The Jicara’s story from fruit to serving bowl, not be confused with the Jicama. Both Jicara and jicama are fruits found in warm weather climates, the latter is a root vegetable and the former are used primarily as decoration, food containers or in folk medicine.
Jicaras can also be known as Bule, Mate, or Morro depending on the tropical country its cultivated from. All fruits comes from the Calabash Tree or Cresentia Cujete which can grow up to 30 feet tall. Surprisingly, the tree’s fruit can grow in an elliptical, oval, or spherical shape and vary in size. The fruits can grow up to 10 inches (25cm) in diameter, providing us with a variety of serving options.
Some historical information on the Calabash tree, it’s been used throughout the centuries for different purposes.
The Taino of the Caribbean would cut eye holes out of the ‘gourds’ and use them as masks to hunt for birds in lakes and rivers. They also created musical instruments like maracas and the guiro and household items like bowls.
Unlike the jicama the jicara is not a staple of the Mexican diet since only used as a folk remedie to cure coughs, diarrhea or bronchitis.
We are big fans of jicama with dried chile flakes (different than pizza flakes), if you haven't tried this treasure before please do! Its fresh, crunchy, filling and all around healthy snack.
So when we first started exploring the jicaras we assume we could eat them in the same way, not the case.
The process with the jicara starts by removing the fruit from the tree and letting it dry for 3 days before the pulp is removed. The fruits are cut based on the end purpose: primarily serving dishes, as decoration or cups since it can withstand heat. Once the fruits are dried out and cut in half the pulp can be removed. To prepare the jicara as a serving bowl they are boiled to remove any impurities which dry out the gourd even further, during this process the color of the jicara will chance to a light brown.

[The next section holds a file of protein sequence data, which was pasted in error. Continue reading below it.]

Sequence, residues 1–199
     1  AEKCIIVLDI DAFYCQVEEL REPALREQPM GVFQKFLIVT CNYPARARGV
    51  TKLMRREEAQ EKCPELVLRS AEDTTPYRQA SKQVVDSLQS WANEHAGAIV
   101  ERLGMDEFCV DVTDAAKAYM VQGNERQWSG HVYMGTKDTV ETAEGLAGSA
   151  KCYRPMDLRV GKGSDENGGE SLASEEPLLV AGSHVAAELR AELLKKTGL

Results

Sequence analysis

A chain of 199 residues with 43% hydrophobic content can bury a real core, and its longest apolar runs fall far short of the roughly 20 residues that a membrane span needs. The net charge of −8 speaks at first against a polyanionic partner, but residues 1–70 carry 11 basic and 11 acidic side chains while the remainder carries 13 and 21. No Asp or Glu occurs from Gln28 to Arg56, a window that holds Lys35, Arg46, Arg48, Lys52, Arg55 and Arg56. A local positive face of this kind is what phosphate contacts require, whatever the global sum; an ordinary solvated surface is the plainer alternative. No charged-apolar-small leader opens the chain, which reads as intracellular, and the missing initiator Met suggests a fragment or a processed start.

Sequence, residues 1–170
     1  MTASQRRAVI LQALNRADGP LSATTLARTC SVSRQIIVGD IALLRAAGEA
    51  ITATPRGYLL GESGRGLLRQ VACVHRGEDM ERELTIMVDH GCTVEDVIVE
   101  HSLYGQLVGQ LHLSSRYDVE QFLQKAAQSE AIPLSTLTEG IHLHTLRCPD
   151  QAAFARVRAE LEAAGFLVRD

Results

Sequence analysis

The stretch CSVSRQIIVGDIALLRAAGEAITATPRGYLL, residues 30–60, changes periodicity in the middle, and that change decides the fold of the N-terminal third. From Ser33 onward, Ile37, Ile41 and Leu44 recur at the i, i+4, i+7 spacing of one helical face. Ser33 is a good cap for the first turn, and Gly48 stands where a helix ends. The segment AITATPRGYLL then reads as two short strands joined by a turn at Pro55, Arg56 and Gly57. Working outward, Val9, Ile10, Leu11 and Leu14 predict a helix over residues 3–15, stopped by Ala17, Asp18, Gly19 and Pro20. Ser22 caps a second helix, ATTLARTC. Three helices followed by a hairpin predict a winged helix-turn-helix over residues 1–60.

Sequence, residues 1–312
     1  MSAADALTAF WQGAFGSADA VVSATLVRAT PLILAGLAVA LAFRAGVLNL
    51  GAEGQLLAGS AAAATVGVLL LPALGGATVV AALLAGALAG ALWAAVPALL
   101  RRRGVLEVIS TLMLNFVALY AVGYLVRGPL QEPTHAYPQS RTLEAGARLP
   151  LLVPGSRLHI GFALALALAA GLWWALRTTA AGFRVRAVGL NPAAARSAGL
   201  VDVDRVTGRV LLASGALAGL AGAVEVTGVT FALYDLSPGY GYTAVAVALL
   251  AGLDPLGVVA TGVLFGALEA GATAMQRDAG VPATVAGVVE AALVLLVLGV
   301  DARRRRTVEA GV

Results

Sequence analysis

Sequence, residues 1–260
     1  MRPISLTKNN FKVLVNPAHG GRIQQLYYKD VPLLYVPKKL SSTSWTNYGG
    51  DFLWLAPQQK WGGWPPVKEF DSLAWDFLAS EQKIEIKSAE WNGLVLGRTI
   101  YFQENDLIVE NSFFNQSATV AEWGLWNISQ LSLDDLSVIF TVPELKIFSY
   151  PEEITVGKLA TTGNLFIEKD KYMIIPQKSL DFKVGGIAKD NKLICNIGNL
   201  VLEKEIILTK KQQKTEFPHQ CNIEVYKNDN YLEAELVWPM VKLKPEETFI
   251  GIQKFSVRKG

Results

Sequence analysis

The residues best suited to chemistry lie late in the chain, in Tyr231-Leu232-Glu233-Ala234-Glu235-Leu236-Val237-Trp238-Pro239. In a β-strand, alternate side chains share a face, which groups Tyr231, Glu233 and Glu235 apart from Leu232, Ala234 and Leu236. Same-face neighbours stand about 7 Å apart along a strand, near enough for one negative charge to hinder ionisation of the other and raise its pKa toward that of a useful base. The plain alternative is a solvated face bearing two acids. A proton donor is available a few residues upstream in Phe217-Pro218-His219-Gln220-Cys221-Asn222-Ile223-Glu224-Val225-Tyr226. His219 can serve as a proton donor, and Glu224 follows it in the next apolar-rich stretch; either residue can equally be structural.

The Natural beauty and imperfection of the fruit will start to show through after the boiling process, which will even highlight internal “veins” of the fruit and outer bumps or natural bruises.
The jicaras are very durable and easy to clean a simple sponge and soap will do the trick. There is no need to worry about adding hot or cold food when serving, nature made sure it could handle anything.
We carry a array of items made from Jicara like Christmas ornaments, earrings, bracelets, necklaces and other home decor items there all hand-carved
The jicaras or calabashes, are first hollowed and then painted to begin the carving process. The carvings are inspired by the artisan's natural surroundings which is why all of our ornaments are hand-carved with birds, rabbits, and/or squirrels.
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Research information by SOLOLI and google Jacqueline Mizrac